There are currently two competing projects out there that are changing the face of crowdfunding as we know it. The first is a citizen effort to create a civilian version of a tremendously powerful militarized space station (the petition put forward to the White House for such an item was rejected) — with a promise that it not be capable of destroying planets at this time. The latter, calls for the production of a fleet of military aircraft to use in the eventuality that the former crowdfunding initial effort breaks the no-planet-destroying-death-ray promise.
Yes, we are talking Star Wars, and yes these are actual real-world crowdfunding efforts currently underway, though both are tens of millions short of being funded at present. But the existence of these projects brings up an interesting question. Crowdfunding has been successfully implemented in the past many times to support the production of products that are by nature satirical and whimsical, or as in the case of The Oatmeal/Funny Junk fight as a parody stunt to raise awareness of what an artist felt was poor behavior on the part of a content hosting business on the Internet. But what happens when these platforms are used to crowdfund the production of real world versions of imaginary machines, and are successfully funded when the idea is really popular even when the project itself is evil-mad-scientist-grade bonkers?
Well, these projects won’t be funded — that’s part of the joke — but it does cause one to wonder what would happen if every Star Wars true believer (and everyone who thinks it might be funny to support the funding of a science fiction solution to a real world problem) pitched in. While there are no end to stories of crowdfunding efforts whose producers cannot deliver the proposed project, what if a crowd of really smart folks from the Adafruit community got together and…well…followed through?
Here’s a fun write up from Huffington Post that draws together a bit of the story behind these projects:
The original ‘open source’ Death Star Kickstarter was itself started in response to the White House’s denial of a 35,000-strong petition to build the unimaginably powerful space station on the grounds that it did not support blowing up planets.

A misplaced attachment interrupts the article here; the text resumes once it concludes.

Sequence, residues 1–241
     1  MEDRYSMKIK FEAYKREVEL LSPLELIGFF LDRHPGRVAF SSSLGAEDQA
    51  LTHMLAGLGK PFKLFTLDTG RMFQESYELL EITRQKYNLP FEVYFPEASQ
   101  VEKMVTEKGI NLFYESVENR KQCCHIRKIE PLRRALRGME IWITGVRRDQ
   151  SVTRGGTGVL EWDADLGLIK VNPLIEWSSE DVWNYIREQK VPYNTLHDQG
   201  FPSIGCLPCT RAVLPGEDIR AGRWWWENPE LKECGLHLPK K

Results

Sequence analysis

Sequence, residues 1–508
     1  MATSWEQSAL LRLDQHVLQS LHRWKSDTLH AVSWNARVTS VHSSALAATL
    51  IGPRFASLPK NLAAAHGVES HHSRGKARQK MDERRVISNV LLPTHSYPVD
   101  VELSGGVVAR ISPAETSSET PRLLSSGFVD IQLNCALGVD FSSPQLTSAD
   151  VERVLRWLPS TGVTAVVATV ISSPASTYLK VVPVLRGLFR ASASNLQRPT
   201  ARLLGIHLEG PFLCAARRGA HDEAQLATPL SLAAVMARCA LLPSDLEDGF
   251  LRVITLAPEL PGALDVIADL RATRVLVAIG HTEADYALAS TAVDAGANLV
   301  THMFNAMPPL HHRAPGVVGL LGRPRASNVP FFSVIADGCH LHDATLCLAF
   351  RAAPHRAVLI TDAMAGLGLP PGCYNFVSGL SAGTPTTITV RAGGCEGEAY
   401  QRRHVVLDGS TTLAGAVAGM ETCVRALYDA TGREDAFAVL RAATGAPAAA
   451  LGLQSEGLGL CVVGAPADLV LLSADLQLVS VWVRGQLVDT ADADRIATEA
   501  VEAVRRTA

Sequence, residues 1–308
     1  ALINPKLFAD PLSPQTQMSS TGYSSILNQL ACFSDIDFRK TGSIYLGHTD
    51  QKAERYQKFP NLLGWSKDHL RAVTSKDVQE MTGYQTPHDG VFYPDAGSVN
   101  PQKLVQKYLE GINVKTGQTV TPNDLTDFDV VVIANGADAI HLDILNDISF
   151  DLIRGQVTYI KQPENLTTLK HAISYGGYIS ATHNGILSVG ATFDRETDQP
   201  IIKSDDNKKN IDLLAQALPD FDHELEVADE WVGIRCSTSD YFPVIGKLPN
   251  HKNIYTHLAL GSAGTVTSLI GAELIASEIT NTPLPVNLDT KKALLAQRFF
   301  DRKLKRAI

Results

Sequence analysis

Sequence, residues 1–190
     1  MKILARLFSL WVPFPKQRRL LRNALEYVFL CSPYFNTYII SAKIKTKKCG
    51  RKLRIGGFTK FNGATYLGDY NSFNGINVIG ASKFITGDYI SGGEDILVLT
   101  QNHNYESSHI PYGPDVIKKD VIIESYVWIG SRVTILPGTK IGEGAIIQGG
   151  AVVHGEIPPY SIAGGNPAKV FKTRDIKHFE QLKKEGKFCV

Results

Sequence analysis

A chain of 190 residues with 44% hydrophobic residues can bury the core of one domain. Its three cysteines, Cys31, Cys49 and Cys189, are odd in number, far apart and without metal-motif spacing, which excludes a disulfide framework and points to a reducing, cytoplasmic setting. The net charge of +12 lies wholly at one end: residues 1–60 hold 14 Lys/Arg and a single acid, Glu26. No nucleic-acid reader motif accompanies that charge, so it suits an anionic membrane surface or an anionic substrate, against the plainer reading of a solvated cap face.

“In November 2012 the people asked for a death star. The government said NO! In light of continuing threats we should build it ourselves,” the Death Star project’s leaders said.
Gnut.co.uk are asking for £20 million, as the down payment on an eventual bill of around £542 quadrillion.
They add that their design would include enough chicken wire to stop any attempt to destroy it in the manner achieved by Luke Skywalker in the Star Wars movies.
But their protestations of building the weapon for the common good were not accepted by all, leading to the creation of the open-source Rebel Alliance and their project to build an X-Wing.
On Feb 5, 2013, www.gnut.co.uk, whom we believe to be a subversive tactics unit of the evil Galactic Empire, launched a Kickstarter campaign to crowdsource a Death Star. At first, we laughed.
When we stopped laughing (because it kind of hurt, how hard we were laughing) we realized that it was an ingenious plot by the Empire to use the power of the people against us!
We can’t let this new Death Star go unchallenged, so we’re raising funds to form a new Rebel Alliance and construct a fleet of proton torpedo armed X-Wing fighters to take down this new Death Star.
So far they have raised just over £100,000 – and add that one of their future updates will include “iPhone and Siri integration”.
Both projects remain unfunded as of press time.
Each week on the Adafruit blog we post up about amazing companies, people and articles about being a MAKER and a business. Over the years we’ve shared how we run Adafruit, published code from our shopping cart system and given presentations on running an open-source hardware company. Every Monday we’re going to try to collect some of these resources and tag them #makerbusinessmonday & #makerbusiness. They’re in our popular Maker Business category as well, enjoy!